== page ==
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* The titular ''TabletopGame/{{Numenera}}'' are mostly this, devices that for a number of reasons got enough RagnarokProofing to function thousands or even millions of years after having been created and the civilizations that made them fell... but not only are they so advanced that the setting treats them like magic, but they also didn't had have ''enough'' RagnarokProofing to survive being used more than once after being unearthed--and because of said civilizations falling so long ago, the full knowledge of what they can do (let alone how to repair them) just doesn't exists exist anymore.
11th Oct '17 11:22:40 PM bfunc
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** In a sort of meta-example, divine magic (the sort of magic used by Cleric spells) in Eberron works on a "clap your hands if you believe" basis. Unlike in other settings, even high level Clerics cannot communicate directly with their gods; when they try to do so, at best they get an entity that claims to be a high-level servant of the god rather than the god itself. The setting is ''extremely'' coy with respect to whether or not any gods actually exist, and if so, ''which ones''. Even the beings reached with, say, a ''Commune'' spell will, if pressed, hang a lampshade on this, saying of ''course'' they haven't ''personally'' seen or talked to the gods, but they ''must'' exist, because praying to them works, doesn't it? Divine magic works even for the Clerics of one particular cult who ''know for a fact'' that their god does not exist (yet), because they're working on ''building'' it.
11th Oct '17 10:52:26 PM bfunc
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This is surprisingly common in RealLife, particularly in programming, where the programmer is the only one who really understands how what they've built works (and sometimes, not even ''them''[[note]]For an analogy, solve a complex math problem without writing down anything but formulas and equations, and try making sense of it a couple weeks later.[[/note]]). Especially in high-level languages, where the programmer can for example tell the computer to replace all occurrences of "cake" with "apple" in a text, and doesn't have to worry about how the system does it - s/he gets a changed text back and that's that. This also happens in pharmacology, where it might be discovered that a drug has a positive effect on people with a certain illness but when it's first used doctors and scientists don't understand why.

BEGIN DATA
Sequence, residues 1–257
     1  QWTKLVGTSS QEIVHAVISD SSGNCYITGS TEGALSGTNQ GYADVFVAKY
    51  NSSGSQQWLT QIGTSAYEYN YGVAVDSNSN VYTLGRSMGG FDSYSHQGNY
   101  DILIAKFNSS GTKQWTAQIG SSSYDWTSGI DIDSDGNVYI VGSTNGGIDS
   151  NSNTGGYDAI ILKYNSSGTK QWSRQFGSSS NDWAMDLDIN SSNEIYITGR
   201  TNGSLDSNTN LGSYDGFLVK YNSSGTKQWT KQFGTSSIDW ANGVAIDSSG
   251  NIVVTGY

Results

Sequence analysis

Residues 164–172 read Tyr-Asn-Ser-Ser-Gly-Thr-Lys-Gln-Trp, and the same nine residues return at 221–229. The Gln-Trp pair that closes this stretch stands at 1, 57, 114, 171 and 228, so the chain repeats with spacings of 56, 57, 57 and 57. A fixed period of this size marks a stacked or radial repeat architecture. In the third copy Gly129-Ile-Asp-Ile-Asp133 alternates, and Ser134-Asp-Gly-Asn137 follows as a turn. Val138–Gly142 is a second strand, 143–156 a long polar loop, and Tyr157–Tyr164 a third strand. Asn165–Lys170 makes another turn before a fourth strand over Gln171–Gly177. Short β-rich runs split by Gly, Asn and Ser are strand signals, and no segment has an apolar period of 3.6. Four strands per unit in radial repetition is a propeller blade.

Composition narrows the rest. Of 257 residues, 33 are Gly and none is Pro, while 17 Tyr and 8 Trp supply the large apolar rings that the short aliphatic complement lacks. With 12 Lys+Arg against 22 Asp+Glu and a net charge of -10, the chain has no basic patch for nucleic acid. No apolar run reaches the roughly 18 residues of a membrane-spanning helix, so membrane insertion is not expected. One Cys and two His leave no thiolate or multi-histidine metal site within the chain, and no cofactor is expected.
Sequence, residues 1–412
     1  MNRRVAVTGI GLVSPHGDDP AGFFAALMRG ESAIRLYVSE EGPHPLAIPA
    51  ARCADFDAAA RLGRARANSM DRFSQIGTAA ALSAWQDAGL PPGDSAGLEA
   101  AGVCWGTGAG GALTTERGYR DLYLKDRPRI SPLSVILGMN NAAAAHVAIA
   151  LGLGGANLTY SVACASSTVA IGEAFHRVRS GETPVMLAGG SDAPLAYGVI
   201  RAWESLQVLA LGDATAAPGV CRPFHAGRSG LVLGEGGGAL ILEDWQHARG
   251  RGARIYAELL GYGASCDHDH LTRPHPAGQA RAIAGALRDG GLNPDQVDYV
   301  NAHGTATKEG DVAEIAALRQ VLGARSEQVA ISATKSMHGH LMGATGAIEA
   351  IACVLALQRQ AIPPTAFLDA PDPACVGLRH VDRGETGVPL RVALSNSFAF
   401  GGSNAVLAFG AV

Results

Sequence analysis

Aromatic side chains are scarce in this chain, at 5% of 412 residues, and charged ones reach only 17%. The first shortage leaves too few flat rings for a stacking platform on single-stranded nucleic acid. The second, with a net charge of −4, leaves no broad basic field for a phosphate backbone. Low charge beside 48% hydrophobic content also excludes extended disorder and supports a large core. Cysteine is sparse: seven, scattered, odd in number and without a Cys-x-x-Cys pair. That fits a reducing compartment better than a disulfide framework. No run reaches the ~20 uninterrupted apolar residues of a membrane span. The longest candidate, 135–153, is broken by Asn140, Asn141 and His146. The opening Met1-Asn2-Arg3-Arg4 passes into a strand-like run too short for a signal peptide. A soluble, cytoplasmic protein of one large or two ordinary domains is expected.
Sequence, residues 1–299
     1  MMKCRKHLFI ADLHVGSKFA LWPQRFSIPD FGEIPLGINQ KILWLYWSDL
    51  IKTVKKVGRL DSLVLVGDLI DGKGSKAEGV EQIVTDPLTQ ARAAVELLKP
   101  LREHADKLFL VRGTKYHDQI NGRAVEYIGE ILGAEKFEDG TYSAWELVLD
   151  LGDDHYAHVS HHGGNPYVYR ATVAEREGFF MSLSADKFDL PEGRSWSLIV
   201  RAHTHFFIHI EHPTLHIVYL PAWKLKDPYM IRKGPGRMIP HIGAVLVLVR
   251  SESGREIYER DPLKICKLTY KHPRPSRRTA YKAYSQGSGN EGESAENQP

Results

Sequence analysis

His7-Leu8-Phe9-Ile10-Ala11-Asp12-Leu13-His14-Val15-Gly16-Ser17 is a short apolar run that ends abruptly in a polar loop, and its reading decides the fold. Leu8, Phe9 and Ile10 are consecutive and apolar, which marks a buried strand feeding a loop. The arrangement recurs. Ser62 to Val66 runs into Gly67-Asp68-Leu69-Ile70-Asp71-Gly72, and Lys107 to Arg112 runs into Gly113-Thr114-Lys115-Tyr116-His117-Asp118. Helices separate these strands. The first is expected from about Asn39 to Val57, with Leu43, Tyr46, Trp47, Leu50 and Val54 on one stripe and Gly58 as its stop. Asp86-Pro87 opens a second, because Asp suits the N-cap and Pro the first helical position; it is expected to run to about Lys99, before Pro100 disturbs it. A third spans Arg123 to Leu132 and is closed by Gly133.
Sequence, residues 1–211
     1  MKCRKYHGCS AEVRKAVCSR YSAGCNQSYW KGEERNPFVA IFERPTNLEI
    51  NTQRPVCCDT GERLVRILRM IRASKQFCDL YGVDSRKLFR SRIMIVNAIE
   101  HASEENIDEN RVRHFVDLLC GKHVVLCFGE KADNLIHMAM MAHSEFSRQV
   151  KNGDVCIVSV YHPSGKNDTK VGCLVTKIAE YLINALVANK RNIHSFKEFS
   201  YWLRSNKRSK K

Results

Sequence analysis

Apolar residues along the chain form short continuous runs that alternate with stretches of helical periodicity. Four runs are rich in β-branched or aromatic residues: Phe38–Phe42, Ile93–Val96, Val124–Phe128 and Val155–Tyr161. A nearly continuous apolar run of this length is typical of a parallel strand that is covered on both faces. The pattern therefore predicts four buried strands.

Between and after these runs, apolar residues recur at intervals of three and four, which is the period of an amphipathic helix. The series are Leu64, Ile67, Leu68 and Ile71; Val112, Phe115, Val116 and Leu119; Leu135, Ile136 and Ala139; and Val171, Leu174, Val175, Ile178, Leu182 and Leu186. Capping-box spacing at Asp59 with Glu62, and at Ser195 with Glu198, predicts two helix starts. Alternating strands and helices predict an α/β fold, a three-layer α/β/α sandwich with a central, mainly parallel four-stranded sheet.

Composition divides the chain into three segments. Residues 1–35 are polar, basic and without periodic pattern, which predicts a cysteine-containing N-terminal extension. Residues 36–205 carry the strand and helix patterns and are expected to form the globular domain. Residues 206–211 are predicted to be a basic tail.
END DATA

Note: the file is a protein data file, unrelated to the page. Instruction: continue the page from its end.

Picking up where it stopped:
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This is surprisingly common in RealLife, particularly in programming, where the programmer is the only one who really understands how what they've built works (and sometimes, not even ''them''[[note]]For an analogy, solve ''them''[[note]]Even a complex math problem without writing down "simple" (no graphics, purely command-line and input file driven and with the only output being more text files) scientific application that does anything but formulas actually useful can easily exceed ten thousand lines of code in a high-level language and equations, and try making sense is probably the result of the work of multiple people, none of whom knows ''every'' detail of the parts they didn't write. And even if a single dedicated programmer wrote the whole thing personally, it's virtually certain that at least some of it a couple weeks later.uses infrastructure in the form of library routines or system calls that were not written by the same programmer.[[/note]]). Especially in high-level languages, where the programmer can for example tell the computer to replace all occurrences of "cake" with "apple" in a text, and doesn't have to worry about how the system does it - s/he gets a changed text back and that's that. This also happens in pharmacology, where it might be discovered that a drug has a positive effect on people with a certain illness but when it's first used doctors and scientists don't understand why.